For Not Yet, Rose, I did a similar thing.  I included a note in the cover letter pointing out that, although I’d written the story with a human girl in mind, there was no reason why the characters couldn’t be animals, which might be helpful in adding a comforting layer of distance in a story whose emotional arc cut close to the concerns and confusion that many children feel when a sibling arrives – concerns and confusion that are hard for a child to own.  The editor agreed this could work nicely, which is how Rose and her family came to be hamsters (I will not tell Nicole you thought her hamsters were mice 🙂 tee-hee :))

In both cases, those were rather global things that were better mentioned/described in the cover letter.

But sometimes you can’t escape it 🙂 you have to put some art notes in.  My suggestion is to format them correctly and keep them to a minimum.  You are correct that neither editors nor illustrators want too much interference.  They prefer not to have the art dictated to them by the author.  But sometimes it really is necessary to get your point across and/or crucial to the reader’s comprehension of the story.

I’m sure people have been taught differently, and I expect we will get some alternative methods in the comments, but I have been taught that art notes should be bracketed in square brackets, begun with ART in all caps and followed by your notes, single spaced, in small font and kept to the right-hand side as much as possible.  I will try to put an example in here, but I know blogger isn’t going to let me format it right so I won’t be able to do more than one line of art note.

(From Can’t Sleep Without Sheep):

The cows were a complete disaster!  [ART: the cow completely smashes the fence]

Can you get the general idea?  It’s not perfect… if you had more description of your art, it would drop down a line or more, so you would single space and tab over to keep it all on the right-hand side, as easy as possible for the editor to skim over for the time being… but hopefully you can kind of see how you would do it.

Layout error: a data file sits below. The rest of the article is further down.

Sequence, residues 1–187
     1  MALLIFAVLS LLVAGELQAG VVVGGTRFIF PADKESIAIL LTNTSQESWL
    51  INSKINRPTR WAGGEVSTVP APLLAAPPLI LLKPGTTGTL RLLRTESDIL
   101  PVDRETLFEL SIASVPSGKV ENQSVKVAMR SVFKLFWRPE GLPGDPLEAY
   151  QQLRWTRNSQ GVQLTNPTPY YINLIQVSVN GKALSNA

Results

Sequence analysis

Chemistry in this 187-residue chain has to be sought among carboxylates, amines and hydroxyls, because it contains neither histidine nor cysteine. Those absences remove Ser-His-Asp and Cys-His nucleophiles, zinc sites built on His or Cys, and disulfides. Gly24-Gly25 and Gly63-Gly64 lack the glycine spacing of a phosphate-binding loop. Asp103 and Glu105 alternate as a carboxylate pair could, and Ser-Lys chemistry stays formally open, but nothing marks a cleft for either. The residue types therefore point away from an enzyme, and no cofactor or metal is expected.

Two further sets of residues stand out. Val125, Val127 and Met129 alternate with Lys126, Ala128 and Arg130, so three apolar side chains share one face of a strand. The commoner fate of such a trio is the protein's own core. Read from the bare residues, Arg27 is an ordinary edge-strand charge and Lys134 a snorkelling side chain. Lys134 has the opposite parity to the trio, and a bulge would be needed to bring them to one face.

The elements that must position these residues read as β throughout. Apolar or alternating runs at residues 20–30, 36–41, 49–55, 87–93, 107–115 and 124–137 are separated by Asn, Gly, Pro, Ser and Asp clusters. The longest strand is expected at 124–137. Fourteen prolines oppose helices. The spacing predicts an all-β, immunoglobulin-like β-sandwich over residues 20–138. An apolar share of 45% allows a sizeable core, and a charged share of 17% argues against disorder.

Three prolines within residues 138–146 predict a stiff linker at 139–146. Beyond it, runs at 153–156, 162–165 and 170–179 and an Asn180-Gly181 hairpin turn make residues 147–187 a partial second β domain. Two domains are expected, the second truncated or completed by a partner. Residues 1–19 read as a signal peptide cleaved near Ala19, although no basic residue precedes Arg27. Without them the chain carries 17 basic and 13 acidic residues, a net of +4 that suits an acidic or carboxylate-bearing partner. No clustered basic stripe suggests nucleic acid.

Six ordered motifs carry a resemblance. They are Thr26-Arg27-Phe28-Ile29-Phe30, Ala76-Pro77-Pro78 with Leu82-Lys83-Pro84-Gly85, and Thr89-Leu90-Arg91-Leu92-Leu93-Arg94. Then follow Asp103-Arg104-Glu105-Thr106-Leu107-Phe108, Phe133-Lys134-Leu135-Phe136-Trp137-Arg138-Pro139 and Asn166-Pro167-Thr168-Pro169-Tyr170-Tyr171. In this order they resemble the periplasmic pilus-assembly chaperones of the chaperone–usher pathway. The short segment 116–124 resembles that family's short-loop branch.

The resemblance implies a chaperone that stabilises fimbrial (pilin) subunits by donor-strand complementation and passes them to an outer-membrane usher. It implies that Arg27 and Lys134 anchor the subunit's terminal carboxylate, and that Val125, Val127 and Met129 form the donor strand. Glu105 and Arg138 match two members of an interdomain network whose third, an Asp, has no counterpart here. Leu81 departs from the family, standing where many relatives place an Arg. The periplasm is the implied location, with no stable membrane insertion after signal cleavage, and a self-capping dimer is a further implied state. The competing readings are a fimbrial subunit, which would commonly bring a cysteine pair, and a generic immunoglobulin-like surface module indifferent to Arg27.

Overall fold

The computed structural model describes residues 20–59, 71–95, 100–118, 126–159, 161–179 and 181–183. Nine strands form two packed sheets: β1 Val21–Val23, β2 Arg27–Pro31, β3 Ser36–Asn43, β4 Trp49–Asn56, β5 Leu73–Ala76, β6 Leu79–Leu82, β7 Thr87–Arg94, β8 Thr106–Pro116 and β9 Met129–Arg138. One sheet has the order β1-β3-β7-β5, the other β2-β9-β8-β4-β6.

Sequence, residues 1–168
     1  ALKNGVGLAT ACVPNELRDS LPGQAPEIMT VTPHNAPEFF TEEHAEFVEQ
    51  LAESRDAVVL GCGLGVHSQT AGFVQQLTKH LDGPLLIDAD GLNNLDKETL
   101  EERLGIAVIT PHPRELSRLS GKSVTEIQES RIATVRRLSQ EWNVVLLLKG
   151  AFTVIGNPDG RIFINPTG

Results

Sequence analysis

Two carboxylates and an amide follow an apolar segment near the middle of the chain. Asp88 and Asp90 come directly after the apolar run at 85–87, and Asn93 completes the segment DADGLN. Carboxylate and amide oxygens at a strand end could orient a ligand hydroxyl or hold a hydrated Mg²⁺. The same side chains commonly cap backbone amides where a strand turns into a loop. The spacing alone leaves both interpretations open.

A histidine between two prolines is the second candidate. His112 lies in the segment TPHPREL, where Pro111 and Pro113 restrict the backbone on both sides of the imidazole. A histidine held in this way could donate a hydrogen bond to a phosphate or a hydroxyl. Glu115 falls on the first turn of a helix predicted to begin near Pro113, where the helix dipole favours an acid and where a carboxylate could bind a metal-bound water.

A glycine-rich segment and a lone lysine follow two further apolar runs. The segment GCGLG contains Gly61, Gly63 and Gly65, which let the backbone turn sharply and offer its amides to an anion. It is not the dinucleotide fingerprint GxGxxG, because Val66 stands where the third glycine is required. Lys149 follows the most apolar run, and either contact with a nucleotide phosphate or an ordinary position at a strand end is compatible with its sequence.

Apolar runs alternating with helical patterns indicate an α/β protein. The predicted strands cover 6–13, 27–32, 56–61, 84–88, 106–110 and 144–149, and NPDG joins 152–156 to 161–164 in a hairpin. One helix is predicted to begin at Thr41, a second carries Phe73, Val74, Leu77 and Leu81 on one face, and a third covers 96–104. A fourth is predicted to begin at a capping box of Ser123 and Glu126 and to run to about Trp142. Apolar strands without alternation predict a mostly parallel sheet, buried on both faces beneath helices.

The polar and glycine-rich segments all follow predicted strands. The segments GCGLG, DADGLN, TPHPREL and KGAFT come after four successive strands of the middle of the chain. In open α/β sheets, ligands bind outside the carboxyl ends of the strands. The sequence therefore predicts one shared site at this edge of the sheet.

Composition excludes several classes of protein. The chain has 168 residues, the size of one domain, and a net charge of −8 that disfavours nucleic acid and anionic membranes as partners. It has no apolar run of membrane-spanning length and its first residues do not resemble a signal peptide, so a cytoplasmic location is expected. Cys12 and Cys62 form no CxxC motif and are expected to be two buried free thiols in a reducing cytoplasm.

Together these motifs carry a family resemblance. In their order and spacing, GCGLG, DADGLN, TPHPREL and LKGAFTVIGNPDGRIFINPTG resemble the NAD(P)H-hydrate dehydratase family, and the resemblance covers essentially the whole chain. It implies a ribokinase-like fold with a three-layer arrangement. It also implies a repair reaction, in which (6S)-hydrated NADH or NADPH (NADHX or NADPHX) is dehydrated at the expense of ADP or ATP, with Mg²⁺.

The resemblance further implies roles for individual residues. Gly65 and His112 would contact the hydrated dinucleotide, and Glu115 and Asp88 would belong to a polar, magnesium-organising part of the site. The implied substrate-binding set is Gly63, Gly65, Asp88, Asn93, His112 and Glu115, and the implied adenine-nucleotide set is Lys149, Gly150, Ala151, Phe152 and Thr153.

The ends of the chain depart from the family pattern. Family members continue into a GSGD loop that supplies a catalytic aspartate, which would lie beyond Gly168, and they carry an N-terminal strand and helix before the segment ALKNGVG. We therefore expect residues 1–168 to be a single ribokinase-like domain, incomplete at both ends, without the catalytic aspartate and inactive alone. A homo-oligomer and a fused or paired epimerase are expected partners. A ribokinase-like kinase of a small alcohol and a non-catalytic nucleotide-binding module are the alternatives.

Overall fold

I guess as a general rule I’d say if it’s something broad (like the characters could work equally well as humans or animals) you can put it in your cover letter, or in an art note at the start of your manuscript.  If it’s something quite specific to a point in the story, a particular line of text, that would call for an art note.

I understand your concern about editors wanting “half through the pictures and half through the words.”  As authors who don’t draw, this is hard for us!  How will we get across what we’re imagining in our heads?  How will we be sure the editor “gets” our stories?

But remember this:  the pictures are the illustrators’ job.  They are fantastic at what they do – excellent, gifted individuals who see things differently than we do and bring a whole other dimension to our stories.  We don’t need to tell them how to do their jobs – they know 🙂  We only need to be sure that the story concept is clear – to the editor and to the illustrator.  The words are our job, the art is theirs.  So write the best story you can write.  Add a little note in your cover letter if there’s something that can be well explained there.  Put a judicious art note or two in your manuscript if necessary.  And then be prepared to be surprised and delighted by what your illustrator brings to your story 🙂

I hope this helps answer your questions, Pam.  If not, feel free to ask for clarification in the comments and all our helpful readers and I will do our best to make it more understandable.

Helpful Readers, I invite you to add anything from your experience that might be of use to Pam, whether your opinion/experience corroborates mine or yours is different and will add another avenue of help.

Have a terrific Monday, everyone! 🙂